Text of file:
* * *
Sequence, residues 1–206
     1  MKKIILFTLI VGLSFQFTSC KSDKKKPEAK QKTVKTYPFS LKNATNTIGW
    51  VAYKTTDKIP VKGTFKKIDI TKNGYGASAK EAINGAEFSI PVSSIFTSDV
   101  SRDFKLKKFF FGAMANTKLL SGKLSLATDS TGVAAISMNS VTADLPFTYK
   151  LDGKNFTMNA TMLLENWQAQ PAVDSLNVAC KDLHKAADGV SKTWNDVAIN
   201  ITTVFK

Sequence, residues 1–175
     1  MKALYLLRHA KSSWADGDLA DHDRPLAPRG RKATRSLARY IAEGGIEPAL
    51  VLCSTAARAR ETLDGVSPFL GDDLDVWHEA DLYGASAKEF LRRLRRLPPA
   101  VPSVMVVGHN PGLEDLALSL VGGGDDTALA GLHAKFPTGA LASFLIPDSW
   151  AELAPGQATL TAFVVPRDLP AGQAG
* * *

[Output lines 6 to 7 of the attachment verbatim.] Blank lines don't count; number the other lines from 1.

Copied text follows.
   201  ITTVFK

Sequence, residues 1–175